A study found a link between hourly workers at Hamilton County’s Fernald Feed Materials Production Center and intestinal cancer.
As Ohio cuts back its solar program, Canada is shutting down the rest of its coal-fired power plants by the end of 2013.
The Cincinnati Reds may get to host the 2015 All-Stars Game.
Scientists are rushing to build robots that save lives in disaster zones. Will John Connor please stand up?
Environmental groups have expressed concern that the watershed's water supply could be sold for use in fracking, a fairly new drilling technique in which thousands of gallons of chemical-laden water are shot into the earth in order to fracture shale and free natural oil and gas. Critics of the process say more research is needed on the technique to fully understand fracking's long- and short-term environmental and economic effects. (Read CityBeat's June 6 cover story, "Boom, Bust or Both?" about Ohio's fracking industry, here.)
The decision to postpone the sales will be held until data is received in a water-availability study that's currently underway. Pending analysis of the study's results, MWCD plans to update its water supply policy to help deal with interested clients in the future.
believe strongly that it is in the best interest of the public we serve
and the conservancy district to not entertain any water supply requests
until this study has been completed and the MWCD has had an opportunity
to update its water supply policy for review, public discussion and
consideration of the MWCD Board of Directors,”said John M. Hoopingarner, MWCD executive director/secretary in a press release.
The MWCD will honor its preexisting agreement to provide Gulfport Energy Co. with 11 million gallons of water from Clendening Lake in Harrison County.
Ingenuity, creativity, the determination to succeed – this is the stuff of innovation that people brag about when advances in technology or positive change are highlighted. Finding a solution for an impossible situation ups the value of these bragging rights, but what drives it all is the unshakable motivation to get to a new solution.
Earth Day is coming – April 22 – and the new Metro hybrid bus will bring models to the Earth Day “Eco Go-Go Fashion Show” on Fountain Square. At 12 p.m. “environmentally-conscious and bike-beautiful fashions” will demonstrate a new “green” style.
Actress Ashley Judd — who grew up in Kentucky, is a high-profile UK sports fan and supports progressive political causes — appears today at 5 p.m. to do a Q&A on the topic of mountaintop removal on the DailyKos web site. Go here to join the conversation.
Margo Pierce wrote a news story ("Leveling Appalachia") in last week's CityBeat about Ohio Citizen Action's effort to end the horrors of blowing up mountains in Kentucky, West Virginia and elsewhere to find coal deposits.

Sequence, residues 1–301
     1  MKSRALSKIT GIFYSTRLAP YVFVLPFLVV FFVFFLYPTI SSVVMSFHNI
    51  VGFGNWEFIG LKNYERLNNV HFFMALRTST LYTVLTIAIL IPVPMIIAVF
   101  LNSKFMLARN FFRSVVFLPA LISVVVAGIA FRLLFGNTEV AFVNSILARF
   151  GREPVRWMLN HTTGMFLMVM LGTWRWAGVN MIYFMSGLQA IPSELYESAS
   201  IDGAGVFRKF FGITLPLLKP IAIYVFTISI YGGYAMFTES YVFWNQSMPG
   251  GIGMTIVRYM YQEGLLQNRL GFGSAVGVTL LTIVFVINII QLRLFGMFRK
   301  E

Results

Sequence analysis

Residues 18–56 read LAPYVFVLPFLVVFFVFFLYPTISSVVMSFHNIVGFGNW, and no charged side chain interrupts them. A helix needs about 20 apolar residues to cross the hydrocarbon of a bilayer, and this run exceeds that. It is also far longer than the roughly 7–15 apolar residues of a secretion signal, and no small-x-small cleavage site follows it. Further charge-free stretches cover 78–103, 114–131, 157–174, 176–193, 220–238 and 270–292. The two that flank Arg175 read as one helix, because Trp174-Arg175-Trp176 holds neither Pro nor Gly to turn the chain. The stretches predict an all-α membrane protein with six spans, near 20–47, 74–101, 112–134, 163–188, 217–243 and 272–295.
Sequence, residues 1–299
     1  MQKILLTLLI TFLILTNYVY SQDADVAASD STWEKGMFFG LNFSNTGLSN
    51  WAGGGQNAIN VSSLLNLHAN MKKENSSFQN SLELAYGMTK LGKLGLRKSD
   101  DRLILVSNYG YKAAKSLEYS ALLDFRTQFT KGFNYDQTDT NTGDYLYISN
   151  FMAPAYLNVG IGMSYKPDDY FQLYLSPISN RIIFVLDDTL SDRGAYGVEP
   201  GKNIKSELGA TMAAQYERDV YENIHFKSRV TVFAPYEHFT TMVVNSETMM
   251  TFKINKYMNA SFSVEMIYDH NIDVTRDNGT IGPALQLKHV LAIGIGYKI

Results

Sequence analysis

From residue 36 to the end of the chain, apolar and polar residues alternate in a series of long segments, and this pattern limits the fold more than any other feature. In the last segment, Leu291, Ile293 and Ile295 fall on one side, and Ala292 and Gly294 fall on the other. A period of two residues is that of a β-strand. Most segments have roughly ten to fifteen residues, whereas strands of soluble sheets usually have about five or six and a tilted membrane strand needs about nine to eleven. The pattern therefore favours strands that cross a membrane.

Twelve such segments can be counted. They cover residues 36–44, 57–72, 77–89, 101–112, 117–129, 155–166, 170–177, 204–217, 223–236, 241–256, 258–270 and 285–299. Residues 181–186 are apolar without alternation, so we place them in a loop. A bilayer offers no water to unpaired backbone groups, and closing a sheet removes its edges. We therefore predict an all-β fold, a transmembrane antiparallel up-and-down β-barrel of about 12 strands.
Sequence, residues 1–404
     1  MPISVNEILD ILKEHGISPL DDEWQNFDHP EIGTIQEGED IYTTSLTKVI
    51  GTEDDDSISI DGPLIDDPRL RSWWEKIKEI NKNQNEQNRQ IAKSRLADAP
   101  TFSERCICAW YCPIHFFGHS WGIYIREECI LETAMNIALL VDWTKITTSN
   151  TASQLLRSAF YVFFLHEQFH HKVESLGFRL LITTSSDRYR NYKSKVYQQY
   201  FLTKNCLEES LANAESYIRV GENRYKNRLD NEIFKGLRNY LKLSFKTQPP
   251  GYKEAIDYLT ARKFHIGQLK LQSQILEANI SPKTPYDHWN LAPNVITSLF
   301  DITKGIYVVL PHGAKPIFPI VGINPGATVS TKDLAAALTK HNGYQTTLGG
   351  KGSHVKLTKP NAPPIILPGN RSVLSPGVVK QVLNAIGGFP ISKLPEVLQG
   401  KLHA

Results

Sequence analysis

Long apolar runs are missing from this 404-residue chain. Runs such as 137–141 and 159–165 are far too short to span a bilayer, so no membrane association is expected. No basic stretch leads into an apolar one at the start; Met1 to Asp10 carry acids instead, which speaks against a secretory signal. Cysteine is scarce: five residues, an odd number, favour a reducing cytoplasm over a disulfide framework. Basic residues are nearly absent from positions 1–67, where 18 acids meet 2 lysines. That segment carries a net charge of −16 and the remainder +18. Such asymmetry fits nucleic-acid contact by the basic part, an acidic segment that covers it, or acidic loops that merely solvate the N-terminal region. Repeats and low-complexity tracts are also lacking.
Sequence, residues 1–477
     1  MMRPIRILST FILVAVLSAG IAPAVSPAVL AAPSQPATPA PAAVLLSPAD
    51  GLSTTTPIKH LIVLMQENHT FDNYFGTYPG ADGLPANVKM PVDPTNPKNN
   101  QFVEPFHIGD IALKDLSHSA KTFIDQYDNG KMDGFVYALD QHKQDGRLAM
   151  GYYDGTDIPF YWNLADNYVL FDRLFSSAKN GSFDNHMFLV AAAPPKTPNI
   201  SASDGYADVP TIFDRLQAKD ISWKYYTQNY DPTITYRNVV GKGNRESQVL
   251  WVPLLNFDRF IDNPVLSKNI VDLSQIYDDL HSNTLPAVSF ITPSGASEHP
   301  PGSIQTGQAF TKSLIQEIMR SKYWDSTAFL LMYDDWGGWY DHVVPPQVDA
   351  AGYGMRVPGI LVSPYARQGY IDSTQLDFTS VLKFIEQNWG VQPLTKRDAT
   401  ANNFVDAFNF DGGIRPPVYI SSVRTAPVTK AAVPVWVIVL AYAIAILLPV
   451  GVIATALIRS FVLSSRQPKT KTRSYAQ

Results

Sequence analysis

State Sen. Bill Seitz, a Cincinnati Republican, continues comparing Ohio’s renewable energy and efficiency law to Stalinism and other extreme Soviet-era policies.
Seitz’s latest comparison, according to Columbus’ Business First, claims Thomas Edison and Alexander Graham Bell didn’t need “Stalinist” mandates to pursue their inventions.
“It was not some Stalinist government mandating, ‘You must buy my stuff,’” Seitz said.
It’s not the first time Seitz made the comparison. In March, he said Ohio’s Clean Energy Law reminds him of “Joseph Stalin’s five-year plan.”
Seitz, a director of the conservative, oil-backed American Legislative Exchange Council (ALEC), remains unsuccessful in his years-long push to repeal Ohio’s renewable energy and efficiency standards. He says the law picks winners and losers in the energy market by favoring Ohio-based efficient, renewable sources.
Environmentalists and other supporters of the law claim it helps combat global warming and encourages economy-boosting innovations in the energy market, including the adoption of more solar power in Cincinnati.
Seitz’s references to Stalin continue the long-popular Republican tactic of comparing economic policies conservatives oppose with socialism, communism and other scary-sounding ideas.
While Seitz’s argument makes for catchy rhetoric, there are a few key differences between Stalinism and Ohio’s Clean Energy Law:
Stalinism is a framework of authoritarian, communist policies pursued in the 20th century by Soviet Union dictator Joseph Stalin. It involves a state takeover of various aspects of private life and the economy.
The Clean Energy Law is a policy established in 2008 by the democratic state of Ohio. The law sets benchmarks requiring utility companies to get 12.5 percent of their electricity from renewable sources, such as wind, hydro, biomass and solar, and save 22 percent of electricity through new efficiency efforts by 2025.